“Underwater” Sinks Under the Surface

While the new movie “Underwater” intrigues viewers with a unique plot, it’s lack of clarification at many points makes it hard for viewers to completely understand the storyline.


Morgan Herriott, Editorial Editor

The creepy and unsettling movie “Underwater” presents moviegoers with an enticing concept they haven’t seen before. When Kepler Station, an underwater drilling station, suffers the effects of an earthquake, Norah Price, played by Kristen Stewart, and fellow crew members must rush to make an escape to the surface before it’s too late and they’re attacked by the mysterious creatures that are lurking below. Viewers are on the edge of their seat as they follow along Norah and crew members Captain Lucien, played by Vincent Cassel, Paul Abel played by T.J. Miller, Emily Haversham, played by Jessica Henwick, Liam Smith played by John Gallagher Jr. and Rodrigo Nagenda, played by Mamoudou Athie on the mission of a lifetime. In order to make it out alive, the members must travel a mile underwater in order to make it to Roebuck Station, the main drilling site. Along the journey the crew encounters many setbacks as the destruction demolishes their equipment and the creatures below begin their attacks. 

However, from the very beginning, the storyline begins to become frantic, making it very hard for viewers to completely understand what is going on. Viewers may find themselves spending more time trying to figure out where the characters are in their escape mission rather than actually watching the movie. The storyline moves very quickly and doesn’t allow viewers to completely process and understand what happened in the previous scene. The plot is unique and has potential, but a lack of clarification makes it hard to enjoy. 

Though “Underwater” stays pretty confusing throughout, it does an exceptional job of making viewers feel an emotional connection to the characters. As their journey gets harder and harder, viewers begin to learn more personal information about the characters. Whether it’s insight into the Captain’s young daughter or Paul’s stuffed bunny he carries wherever he goes, viewers begin to learn about each crew member’s motivation to escape. All of the characters’ likability makes it easy to root for the crew members to find their final destination and to escape the terrors they’re experiencing.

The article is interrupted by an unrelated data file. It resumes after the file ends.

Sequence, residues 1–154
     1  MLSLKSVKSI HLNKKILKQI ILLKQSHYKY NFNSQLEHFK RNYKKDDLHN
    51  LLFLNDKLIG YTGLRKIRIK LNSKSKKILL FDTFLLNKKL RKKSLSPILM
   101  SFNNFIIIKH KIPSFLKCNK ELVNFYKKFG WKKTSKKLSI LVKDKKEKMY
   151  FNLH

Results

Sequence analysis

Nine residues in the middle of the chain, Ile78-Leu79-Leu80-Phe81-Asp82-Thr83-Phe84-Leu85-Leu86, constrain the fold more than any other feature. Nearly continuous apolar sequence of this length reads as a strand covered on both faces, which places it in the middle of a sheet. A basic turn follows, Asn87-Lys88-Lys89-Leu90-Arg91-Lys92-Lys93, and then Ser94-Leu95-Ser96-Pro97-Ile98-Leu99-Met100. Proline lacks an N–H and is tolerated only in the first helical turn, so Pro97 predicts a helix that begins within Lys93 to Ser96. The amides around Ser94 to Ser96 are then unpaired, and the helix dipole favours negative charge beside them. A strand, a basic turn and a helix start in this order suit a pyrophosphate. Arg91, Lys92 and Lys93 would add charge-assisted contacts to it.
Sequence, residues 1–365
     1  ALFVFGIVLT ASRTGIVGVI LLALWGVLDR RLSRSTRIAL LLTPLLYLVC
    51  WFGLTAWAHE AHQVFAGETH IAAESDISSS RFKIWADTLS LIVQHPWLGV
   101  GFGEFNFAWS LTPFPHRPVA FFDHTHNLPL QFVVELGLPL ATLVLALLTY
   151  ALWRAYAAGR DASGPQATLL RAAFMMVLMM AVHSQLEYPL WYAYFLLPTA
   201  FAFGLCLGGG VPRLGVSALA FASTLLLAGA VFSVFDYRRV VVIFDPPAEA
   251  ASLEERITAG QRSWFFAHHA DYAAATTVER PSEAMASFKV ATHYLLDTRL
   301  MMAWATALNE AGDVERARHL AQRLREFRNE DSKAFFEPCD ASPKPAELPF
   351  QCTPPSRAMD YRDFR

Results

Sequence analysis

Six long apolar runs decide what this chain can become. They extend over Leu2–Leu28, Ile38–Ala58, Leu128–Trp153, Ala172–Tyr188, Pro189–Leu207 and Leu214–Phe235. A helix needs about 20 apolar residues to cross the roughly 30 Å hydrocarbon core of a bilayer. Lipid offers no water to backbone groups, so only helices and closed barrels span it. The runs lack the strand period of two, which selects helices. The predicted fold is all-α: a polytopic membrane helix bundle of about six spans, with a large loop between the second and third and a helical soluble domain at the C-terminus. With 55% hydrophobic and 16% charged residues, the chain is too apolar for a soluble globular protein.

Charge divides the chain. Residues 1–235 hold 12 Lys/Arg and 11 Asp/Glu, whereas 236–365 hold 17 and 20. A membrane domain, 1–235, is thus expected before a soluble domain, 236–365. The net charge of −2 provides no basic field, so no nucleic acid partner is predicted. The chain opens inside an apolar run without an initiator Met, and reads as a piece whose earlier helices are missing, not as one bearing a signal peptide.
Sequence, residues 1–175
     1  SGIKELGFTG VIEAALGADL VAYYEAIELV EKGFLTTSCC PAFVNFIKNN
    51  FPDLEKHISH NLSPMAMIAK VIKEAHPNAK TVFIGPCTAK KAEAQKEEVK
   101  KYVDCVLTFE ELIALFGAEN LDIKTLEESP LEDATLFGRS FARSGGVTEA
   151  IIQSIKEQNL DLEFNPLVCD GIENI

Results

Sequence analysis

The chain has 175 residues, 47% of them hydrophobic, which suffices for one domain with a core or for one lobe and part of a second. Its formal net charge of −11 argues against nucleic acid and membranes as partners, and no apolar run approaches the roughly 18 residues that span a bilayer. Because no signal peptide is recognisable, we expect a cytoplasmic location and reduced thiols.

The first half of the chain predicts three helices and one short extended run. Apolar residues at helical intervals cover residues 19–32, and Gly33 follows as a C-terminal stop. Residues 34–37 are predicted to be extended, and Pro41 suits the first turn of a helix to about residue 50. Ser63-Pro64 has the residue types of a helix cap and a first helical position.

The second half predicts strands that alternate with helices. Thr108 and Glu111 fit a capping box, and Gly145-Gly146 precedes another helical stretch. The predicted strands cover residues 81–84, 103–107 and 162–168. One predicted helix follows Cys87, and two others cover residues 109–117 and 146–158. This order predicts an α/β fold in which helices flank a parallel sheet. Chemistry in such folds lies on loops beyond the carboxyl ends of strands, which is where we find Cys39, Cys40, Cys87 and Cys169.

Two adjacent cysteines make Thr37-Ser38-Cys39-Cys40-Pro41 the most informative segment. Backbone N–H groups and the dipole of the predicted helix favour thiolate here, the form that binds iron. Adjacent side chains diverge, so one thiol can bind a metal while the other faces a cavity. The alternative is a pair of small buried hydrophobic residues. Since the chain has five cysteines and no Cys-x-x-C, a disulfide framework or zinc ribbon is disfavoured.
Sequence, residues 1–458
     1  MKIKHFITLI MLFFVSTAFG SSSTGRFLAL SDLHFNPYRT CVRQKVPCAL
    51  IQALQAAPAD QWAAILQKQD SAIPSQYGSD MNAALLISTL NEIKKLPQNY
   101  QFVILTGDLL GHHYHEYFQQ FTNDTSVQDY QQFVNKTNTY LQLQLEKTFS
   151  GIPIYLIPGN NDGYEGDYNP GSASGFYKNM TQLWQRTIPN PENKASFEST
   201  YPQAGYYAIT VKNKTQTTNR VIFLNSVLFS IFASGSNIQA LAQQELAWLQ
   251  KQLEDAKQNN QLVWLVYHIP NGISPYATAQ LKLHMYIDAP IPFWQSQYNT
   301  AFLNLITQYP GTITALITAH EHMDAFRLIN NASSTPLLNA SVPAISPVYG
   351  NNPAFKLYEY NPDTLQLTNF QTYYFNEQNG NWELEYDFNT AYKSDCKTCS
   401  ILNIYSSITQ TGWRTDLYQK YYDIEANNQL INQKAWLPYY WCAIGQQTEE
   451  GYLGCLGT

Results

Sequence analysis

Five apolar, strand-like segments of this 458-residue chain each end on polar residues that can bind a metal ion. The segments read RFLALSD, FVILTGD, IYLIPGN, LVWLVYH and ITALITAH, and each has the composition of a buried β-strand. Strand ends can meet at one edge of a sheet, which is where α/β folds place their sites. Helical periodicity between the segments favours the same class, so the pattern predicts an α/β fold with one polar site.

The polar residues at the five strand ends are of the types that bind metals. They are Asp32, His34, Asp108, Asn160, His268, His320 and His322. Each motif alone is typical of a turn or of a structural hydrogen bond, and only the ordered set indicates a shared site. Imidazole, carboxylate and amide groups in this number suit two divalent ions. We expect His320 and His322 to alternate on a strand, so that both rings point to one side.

The movie starts to be more clear and get more thrilling towards the end when the crew comes within close range to Roebuck Station, their final destination before they can be sent to the surface in escape pods. At this point, the plot hits its climax, as the remaining members of the crew rush to escape before it’s too late. This part of the movie was the most enjoyable and was the point in which viewers were completely tuned in.

This point in the movie is also where viewers discover the overarching message of the movie. “Underwater” seems to encourage viewers to take risks and step outside of their comfort zones. Throughout the movie, the crew is seen facing their fears and braving the unknown. This message is especially present one of Norah’s last lines: “stop feeling and start doing.”

While “Underwater” overall had a fascinating plot, provided moments of thrill, hit readers with some terrifying jump scares and constructed an important message, its lack of clarification throughout made it hard to completely understand. If the directors would have slowed down the pace and allowed time for viewers to completely follow the storyline, the experience would have been much more enjoyable. The combination of a unique plot and setting should’ve made the movie a blockbuster, as the only thing remotely comparable is the 1979 film “Alien.” However, instead of rising to the surface, “Underwater” sinks to the bottom as its failure to fully develop its nautical nightmare storyline made the movie unable to fully develop.